Behind every death there’s the narrative of a life – its hopes and fears, joys and sorrows – and how it ended. Was it sudden or protracted, peaceful or agonized? Wolfgang and Marianne Schmidt’s story is more poignant than most. A devoted couple who had survived war, displacement and the cancer death of a dear daughter, they had grown old and infirm after more than 70 years together.
At almost 91, Ms. Schmidt had a heart condition and advanced rheumatoid arthritis; her husband, who was approaching 90, was blind. “My time has come,” she told her son Tom earlier this year when she could no longer dress herself. For years, she had openly discussed her wish to die when living became intolerable.
“I can’t abandon her,” her husband told their son. “We are going to do this together because it is the way we have lived our lives.” And so, after a tender and emotional Easter dinner with their son and daughter-in-law, the Schmidts returned to their Toronto home and ended their lives in a joint suicide on April 2.
The Schmidts are part of a growing number of people whose stories are being shared in a grassroots movement to challenge the law against assisted suicide. It’s a dilemma that pits compassion against orthodoxy, the right to die against unwavering reverence for life, in a wrenching political choice that becomes more pressing as the population ages.
Before social activist Ruth Goodman ended her life in Vancouver in February, she gave her sons a letter and asked them to send it posthumously to this newspaper so she could publicly declare her belief in the right to die.
Susan Griffiths, a 72-year-old Winnipeg woman suffering from multiple systems atrophy, left Canada for a final visit with her family in Europe two weeks ago. Before going, Ms. Griffiths sent a letter to federal politicians petitioning for a change in the law, stirring the assisted suicide debate. On Thursday, The Canadian Press reported that a family friend said Ms. Griffiths died with the aid of a physician at the Dignitas clinic in Zurich, Switzerland.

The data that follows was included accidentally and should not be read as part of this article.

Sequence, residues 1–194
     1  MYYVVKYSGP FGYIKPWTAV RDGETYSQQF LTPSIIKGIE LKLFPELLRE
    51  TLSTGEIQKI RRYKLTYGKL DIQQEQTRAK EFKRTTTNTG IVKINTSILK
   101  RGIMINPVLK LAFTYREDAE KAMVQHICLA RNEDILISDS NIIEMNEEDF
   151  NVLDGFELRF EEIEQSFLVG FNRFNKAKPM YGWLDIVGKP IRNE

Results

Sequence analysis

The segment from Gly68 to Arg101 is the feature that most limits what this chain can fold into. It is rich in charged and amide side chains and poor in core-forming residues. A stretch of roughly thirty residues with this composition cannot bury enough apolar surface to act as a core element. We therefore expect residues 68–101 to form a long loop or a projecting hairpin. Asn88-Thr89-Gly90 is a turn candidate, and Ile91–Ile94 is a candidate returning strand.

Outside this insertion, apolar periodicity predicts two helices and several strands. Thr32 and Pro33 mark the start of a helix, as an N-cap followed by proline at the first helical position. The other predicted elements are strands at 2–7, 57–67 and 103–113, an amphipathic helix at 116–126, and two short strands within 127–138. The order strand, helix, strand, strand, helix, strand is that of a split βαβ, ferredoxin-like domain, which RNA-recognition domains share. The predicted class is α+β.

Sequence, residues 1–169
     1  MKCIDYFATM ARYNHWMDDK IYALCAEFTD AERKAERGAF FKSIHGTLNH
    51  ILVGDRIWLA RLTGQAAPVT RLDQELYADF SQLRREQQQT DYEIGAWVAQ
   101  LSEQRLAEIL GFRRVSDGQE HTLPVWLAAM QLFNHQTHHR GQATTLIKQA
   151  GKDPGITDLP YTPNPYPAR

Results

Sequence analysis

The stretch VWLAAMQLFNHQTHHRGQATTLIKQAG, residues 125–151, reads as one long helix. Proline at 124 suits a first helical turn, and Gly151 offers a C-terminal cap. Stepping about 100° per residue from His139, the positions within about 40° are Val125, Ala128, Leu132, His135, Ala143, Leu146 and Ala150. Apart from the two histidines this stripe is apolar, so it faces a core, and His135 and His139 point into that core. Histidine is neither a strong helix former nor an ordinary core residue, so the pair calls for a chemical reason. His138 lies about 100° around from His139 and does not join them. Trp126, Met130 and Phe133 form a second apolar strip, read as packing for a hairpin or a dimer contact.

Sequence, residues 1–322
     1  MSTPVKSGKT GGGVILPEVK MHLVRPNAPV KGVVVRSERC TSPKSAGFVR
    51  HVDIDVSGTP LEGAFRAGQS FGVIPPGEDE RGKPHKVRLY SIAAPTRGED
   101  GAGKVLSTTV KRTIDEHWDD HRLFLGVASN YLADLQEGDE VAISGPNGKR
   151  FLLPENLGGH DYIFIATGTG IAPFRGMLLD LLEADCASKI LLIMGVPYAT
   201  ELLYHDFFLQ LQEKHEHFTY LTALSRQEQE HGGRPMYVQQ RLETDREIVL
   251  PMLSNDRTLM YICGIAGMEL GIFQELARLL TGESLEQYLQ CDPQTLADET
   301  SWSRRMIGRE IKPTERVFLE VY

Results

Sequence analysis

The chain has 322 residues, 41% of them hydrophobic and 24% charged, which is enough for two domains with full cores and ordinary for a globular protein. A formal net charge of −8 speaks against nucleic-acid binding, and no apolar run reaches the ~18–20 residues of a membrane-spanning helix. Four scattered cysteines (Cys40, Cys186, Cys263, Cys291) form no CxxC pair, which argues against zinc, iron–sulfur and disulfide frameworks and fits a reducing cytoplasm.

More than two decades ago, in a poignant video message, Sue Rodriguez asked: “If I cannot give consent to my own death, whose body is this? Who owns my life?” The Victoria woman who was diagnosed with ALS in 1991 publicly campaigned for the right to die in a legal challenge that was narrowly defeated at the Supreme Court of Canada in 1993. The issue is again before the courts and in the public consciousness. Last June, the B.C. Supreme Court declared the law against assisted suicide unconstitutional. The Canadian government challenged that decision at the B.C. Court of Appeal in March. A ruling is expected in the next few months, with the loser probably mounting a challenge at the Supreme Court of Canada.
Former NDP politician Svend Robinson was in the forefront of the Rodriguez challenge two decades ago and was at her side when she died in a medically assisted suicide on Feb. 12, 1994. “What was so powerful about Sue,” Mr. Robinson said in a telephone interview from his home in Geneva, where he works for the Global Fund to Fight Aids, Tuberculosis and Malaria, was that “she put her own life right out there and that’s what grabbed people – the courage she showed.”